1. Good news before bad

I think this ought to be a rule set in stone – it reflects something ingrained in the human psyche. People are only receptive to criticism once they are satisfied that we like them, we like their work, and basically we’re on their side. So always start the critique with what you liked about the work.

I’m a shocker for forgetting this and just diving straight into the negatives. The worst thing is, I do it to the best writers, assuming that they already know how good their work is. But of course they don’t, they’re aspiring writers like me, full of the same devastating doubts and insecurities.

We know that writers are often too close to their own work to see the problems with it, but they might also be too close to recognise the positives. We need to tell them what they’ve done well.

  1. Big picture before small

What do you do if you’re reading someone’s work and you see a grammatical error? I know what I do, I pounce on it like a particularly enthusiastic English teacher. It’s like scratching an itch, I long to correct every perceived error (preferably with a flourish of red ink).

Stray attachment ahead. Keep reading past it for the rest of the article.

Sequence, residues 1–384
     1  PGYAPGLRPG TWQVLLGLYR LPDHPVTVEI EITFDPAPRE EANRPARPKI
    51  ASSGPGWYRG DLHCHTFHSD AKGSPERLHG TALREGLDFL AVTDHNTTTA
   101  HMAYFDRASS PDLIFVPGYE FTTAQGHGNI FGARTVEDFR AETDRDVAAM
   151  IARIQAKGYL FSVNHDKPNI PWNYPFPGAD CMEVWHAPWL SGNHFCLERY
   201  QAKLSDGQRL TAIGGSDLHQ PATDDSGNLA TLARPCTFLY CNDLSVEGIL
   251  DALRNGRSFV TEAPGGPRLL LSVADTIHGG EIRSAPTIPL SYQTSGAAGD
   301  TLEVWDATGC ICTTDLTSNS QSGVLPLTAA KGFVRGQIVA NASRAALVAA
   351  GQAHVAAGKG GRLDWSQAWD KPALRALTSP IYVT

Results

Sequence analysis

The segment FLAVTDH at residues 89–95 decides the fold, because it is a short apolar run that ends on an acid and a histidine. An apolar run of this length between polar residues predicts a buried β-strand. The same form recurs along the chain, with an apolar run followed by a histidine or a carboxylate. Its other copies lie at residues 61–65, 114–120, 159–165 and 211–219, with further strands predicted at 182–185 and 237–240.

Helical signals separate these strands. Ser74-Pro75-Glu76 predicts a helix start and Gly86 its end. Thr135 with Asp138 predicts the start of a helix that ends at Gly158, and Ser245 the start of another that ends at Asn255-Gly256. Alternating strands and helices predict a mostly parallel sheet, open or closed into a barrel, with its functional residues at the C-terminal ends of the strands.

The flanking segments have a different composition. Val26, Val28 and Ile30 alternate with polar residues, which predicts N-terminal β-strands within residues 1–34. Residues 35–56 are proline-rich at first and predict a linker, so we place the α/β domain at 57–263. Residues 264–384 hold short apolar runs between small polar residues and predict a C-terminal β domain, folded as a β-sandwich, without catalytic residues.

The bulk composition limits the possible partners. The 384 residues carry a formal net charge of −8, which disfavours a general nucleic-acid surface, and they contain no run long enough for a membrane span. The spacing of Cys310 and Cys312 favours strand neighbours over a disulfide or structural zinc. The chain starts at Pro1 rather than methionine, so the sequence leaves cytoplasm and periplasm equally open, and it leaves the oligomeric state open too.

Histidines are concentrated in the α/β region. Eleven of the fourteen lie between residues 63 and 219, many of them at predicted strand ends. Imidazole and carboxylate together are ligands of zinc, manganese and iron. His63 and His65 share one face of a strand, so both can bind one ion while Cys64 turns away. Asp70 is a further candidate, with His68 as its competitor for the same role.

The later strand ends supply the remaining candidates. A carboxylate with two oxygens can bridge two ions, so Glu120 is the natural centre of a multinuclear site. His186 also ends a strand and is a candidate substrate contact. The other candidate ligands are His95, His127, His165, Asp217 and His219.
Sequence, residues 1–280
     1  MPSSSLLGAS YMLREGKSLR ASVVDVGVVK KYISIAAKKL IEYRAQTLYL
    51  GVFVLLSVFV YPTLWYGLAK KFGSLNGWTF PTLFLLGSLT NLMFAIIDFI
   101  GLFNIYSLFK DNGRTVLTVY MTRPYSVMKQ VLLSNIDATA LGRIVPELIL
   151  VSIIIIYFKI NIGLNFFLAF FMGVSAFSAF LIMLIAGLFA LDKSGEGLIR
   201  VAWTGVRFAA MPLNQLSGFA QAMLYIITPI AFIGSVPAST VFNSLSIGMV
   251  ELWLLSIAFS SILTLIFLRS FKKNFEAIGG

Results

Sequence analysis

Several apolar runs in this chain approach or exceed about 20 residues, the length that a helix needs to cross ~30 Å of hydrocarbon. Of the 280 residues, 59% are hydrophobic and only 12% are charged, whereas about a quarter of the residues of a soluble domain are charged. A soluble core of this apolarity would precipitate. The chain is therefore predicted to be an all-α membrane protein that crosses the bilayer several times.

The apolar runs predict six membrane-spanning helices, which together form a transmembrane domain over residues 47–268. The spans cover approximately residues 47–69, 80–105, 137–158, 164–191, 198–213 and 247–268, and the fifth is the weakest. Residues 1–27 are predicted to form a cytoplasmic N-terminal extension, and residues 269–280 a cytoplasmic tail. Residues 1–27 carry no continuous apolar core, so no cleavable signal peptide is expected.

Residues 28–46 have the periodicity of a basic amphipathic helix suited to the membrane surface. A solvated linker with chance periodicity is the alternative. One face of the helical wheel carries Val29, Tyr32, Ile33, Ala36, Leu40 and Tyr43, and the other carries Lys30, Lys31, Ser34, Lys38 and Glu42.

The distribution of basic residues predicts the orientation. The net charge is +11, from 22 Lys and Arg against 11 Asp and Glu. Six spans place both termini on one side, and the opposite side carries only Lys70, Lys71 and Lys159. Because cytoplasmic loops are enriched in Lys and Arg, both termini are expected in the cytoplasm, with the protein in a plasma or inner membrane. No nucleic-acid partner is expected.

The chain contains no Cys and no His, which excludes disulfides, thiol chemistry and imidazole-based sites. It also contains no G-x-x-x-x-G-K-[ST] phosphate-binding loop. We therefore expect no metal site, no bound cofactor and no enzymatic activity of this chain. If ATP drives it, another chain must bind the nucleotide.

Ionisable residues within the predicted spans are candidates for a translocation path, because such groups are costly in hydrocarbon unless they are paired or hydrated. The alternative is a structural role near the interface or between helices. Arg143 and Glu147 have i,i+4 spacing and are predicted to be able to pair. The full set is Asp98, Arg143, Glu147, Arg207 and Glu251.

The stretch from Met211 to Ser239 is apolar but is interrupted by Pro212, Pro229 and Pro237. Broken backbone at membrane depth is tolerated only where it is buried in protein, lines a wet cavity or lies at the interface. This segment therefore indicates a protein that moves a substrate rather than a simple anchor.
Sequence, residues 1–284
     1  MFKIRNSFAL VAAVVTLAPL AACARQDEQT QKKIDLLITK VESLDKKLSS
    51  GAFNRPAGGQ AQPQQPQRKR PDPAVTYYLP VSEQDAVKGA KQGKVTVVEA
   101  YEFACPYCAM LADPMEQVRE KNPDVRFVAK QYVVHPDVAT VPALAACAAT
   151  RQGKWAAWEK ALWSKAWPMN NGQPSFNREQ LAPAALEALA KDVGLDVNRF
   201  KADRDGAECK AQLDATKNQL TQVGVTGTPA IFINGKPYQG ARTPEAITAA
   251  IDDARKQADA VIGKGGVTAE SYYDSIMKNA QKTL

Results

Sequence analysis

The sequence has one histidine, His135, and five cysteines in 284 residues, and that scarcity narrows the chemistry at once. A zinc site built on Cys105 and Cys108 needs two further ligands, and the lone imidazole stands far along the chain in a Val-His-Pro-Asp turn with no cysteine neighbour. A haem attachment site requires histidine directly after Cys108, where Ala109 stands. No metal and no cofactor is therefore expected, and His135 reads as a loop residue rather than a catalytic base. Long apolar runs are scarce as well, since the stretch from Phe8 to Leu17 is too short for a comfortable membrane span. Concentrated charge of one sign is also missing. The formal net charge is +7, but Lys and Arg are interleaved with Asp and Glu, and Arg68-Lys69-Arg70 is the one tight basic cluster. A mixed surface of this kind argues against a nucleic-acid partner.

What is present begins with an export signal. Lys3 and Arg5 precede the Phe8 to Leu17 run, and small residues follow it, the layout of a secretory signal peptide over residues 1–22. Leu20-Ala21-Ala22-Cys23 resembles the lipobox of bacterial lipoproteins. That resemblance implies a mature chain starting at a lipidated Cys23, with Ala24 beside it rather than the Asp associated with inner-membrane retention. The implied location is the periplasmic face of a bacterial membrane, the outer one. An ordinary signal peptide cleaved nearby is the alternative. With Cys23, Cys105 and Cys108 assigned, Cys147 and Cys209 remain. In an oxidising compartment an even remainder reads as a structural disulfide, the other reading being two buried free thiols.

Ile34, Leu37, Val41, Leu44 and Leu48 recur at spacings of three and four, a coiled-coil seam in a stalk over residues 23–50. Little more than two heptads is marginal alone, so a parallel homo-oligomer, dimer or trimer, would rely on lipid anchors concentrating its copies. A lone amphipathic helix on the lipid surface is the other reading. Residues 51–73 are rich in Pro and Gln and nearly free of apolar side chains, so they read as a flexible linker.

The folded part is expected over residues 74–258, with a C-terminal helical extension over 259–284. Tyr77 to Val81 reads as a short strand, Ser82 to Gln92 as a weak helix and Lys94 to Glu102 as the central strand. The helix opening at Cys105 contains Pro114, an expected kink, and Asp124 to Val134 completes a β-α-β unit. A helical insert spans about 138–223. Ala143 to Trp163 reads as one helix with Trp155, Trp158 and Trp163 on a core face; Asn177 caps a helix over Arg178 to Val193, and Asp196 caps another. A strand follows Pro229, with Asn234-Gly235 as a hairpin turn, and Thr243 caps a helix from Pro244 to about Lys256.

I don’t think I’m the only one, either. A surprising number of people consider a thorough correction of grammar and spelling to comprise a critique.

Now suppose you’ve gone through three chapters nit-picking on grammar and you suddenly realise the story has a massive problem. Maybe the plot has a hole big enough to put a foot through, or the main character inexpicably changes personality to keep the story going, and it’s just not going to work.

What I try to do (and occasionally I manage it) is to read through the whole piece once without making any comment at all, just to get the gist of where it’s going. Then I comment on the big picture issues. Biggest for me are probably interesting characters, a novel or exciting plot, and enjoyment of the story. Second most important are things like believable dialogue, flow of the language, and evocative descriptions. Right at the bottom of the list is grammar.

Of course, there are exceptions – those unfortunate times when you get stuck about two pages in because the writing has too many mistakes to ignore. On these, I’ll let my inner English teacher out of her box.

(So if you receive a critique from me with only grammar corrections and no comment on characters or plot, what can I say? You’re either a great writer or a terrible one. I’ll let you work out which.)

  1. The Stop Test

What’s the ultimate test of a piece of fiction? For me it’s that “unputdownability”, the wrench I feel when I have to stop reading, the sense of being pulled out of another world, and the dinner burnt on the stove because I was too busy wondering what was going to happen next.

So the most useful feedback you can give a writer is to tell them where it was you decided to stop reading and why. Give it a good shot, read three or four chapters, and decide at which point the book became too putdownable. What was missing?

I reckon that’s about it. Happy critiquing!

 

 

Advertisements